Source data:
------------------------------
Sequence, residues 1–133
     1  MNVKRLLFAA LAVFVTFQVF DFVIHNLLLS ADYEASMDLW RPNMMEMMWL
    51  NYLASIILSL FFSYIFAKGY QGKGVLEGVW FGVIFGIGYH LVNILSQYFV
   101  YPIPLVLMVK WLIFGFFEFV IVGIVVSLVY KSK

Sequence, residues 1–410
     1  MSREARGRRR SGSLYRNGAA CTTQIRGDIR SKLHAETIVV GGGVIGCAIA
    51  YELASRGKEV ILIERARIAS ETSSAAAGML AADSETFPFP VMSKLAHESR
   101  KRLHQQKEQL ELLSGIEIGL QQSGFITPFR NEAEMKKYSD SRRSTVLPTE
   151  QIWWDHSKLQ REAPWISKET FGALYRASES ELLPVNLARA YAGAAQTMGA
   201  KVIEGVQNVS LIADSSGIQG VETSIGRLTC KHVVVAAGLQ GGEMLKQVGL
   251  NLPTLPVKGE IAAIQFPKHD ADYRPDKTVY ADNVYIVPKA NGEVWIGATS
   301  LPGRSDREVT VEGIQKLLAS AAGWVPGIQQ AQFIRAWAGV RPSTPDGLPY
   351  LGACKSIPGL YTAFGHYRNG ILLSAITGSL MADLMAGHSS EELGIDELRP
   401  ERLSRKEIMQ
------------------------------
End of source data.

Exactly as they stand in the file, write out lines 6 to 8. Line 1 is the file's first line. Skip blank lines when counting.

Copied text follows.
     1  MSREARGRRR SGSLYRNGAA CTTQIRGDIR SKLHAETIVV GGGVIGCAIA
    51  YELASRGKEV ILIERARIAS ETSSAAAGML AADSETFPFP VMSKLAHESR
   101  KRLHQQKEQL ELLSGIEIGL QQSGFITPFR NEAEMKKYSD SRRSTVLPTE